On the other hand, even staunch Reformed preachers (not to mention preachers of less stern theological stripes) know that by the power of the Holy Spirit believers can live relatively righteous lives.  That is surely the point of Paul’s famous words in Romans 8:1-4, and particularly the last words (“so that the righteous requirements of the law might be fully met in us, who do not live according to the sinful nature, but according to the Spirit”).   And even the darkest Calvinist confesses with Question and Answer 8 of the Heidelberg Catechism (a key Reformed confession from the 16th century) that “we are wholly incapable of doing any good, and inclined to all evil… unless we are regenerated by the Spirit of God.”

So, a sermon on this Psalm could issue a call to such righteous living, encouraging sinners with David’s claim that it is possible to do so.  Indeed, it is expected, given the presence and power of the Spirit in our lives.  Too many Christians simply give in to their sinful impulses and habitual behaviors.  Psalm 17 is a challenge to higher living.  Live in such a way that you can legitimately plead your innocence to God when wicked people accuse you of crimes you did not commit.

Indeed, that is the context here.  David is accused of specific sins, and he knows he didn’t do them.  Some scholars think that the historical background of this Psalm is found in I Samuel 24, where Saul is pursuing David.  Saul suspects that David has traitorous plans to seize the Kingdom by taking Saul’s life.  When Saul entered the cave in which David was hiding, David spared Saul’s life, choosing to cut off a piece of Saul’s robe, rather than Saul’s head.  Then popping out of the cave when Saul rejoined his men, David shouted out to Saul in words that sound very much like the kernel of Psalm 17.  “May the Lord be our judge and decide between us.  May he consider my cause and uphold it; may he vindicate me by delivering me from your hand (I Samuel 24:15).”

David is not pleading complete sinlessness here.  He is rather arguing that he did not commit these particular sins of which Saul and his friends have accused him.  In this sense, Psalm 17 is a bit like Job’s protestations vis a vis the accusations of his “friends.”  Further, David’s claim of righteousness before God is not a denial of the New Testament judgments that “no one is righteous.”  It is, rather, an Old Testament way of saying that David has remained true to his God.  While not completely sinless, he has kept his commitment to Yahweh.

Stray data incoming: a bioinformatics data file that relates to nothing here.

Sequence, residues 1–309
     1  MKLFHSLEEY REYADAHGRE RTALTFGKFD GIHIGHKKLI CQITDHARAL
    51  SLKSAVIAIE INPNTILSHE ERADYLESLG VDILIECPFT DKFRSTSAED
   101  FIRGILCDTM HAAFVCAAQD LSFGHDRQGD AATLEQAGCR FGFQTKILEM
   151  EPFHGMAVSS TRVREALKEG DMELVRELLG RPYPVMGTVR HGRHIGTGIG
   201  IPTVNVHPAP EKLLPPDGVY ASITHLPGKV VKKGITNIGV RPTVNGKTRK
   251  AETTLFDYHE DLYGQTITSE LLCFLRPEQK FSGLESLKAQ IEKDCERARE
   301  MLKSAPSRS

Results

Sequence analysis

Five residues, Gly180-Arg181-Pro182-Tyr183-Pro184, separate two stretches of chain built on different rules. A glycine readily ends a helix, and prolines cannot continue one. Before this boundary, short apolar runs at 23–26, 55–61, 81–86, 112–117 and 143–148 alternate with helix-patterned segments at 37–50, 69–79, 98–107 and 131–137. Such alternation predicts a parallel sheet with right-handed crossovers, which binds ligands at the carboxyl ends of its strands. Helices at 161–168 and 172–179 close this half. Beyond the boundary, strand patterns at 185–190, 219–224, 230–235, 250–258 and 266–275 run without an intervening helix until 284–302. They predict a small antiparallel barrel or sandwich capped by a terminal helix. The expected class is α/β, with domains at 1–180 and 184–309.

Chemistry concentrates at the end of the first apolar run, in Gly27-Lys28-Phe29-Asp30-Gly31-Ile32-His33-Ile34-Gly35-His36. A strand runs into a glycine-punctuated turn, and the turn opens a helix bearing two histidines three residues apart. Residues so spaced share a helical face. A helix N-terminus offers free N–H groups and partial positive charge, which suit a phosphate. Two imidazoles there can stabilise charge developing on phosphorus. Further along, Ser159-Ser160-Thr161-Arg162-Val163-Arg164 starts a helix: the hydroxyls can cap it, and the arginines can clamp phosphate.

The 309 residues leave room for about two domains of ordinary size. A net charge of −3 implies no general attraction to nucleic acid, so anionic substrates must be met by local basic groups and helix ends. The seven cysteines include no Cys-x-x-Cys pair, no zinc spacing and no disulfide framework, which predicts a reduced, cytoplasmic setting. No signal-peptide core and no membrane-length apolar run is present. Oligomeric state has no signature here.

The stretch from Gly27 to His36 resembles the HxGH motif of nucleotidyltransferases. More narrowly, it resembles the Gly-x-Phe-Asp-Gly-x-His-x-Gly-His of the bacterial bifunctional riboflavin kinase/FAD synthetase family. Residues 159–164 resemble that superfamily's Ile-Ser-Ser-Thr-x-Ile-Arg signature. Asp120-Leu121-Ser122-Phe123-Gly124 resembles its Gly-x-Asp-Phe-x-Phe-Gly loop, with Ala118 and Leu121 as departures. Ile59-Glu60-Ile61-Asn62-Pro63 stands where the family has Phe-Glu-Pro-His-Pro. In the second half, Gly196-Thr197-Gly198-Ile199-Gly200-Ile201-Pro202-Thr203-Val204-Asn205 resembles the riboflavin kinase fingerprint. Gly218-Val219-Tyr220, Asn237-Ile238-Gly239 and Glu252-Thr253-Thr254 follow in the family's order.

True to God’s command when he renewed covenant with Abraham in Genesis 17:1, David had “walked before Yahweh and was blameless” in that regard.  As David said in his further words to Saul in I Samuel 24, he would not violate God’s plan.  He would not reach out his hand against God’s anointed one, even though that mad king was intent on taking David’s life.  David would live his life before God in radical trust.  That’s the righteousness of which David speaks in Psalm 17.  I have never forsaken my allegiance to and trust in Yahweh.

Thus, David appeals to the God whom he has never forsaken (even in those sinful moments of his life), asking God to save him from his enemies who wrongfully accuse him. “I call on you, O God, for you will answer me; give ear to me and hear my prayer.”  That’s the heart of his prayer, though he fleshes it out with some beautiful poetry.  Unfortunately, the RCL has chopped off the most beautiful (and most ugly) parts of the Psalm. “Keep me as the apple of your eye; hide me in the shadow of your wings.”

Such images would preach powerfully.  On the one hand, we have these enemies who hunt us down with eagle eyes and lie in wait to pounce on us like mighty lions.  On the other hand, we have Yahweh sheltering us under his mighty wings and keeping his eye on us as his precious ones.  So, perhaps you need to stray outside the reading assigned to this day, in order to show the full color and power of the Psalm.  In a world full of oppression by the wicked, we can take our anger and our fears (fight and flight) to our Judge who will act for us and vindicate our name and our cause.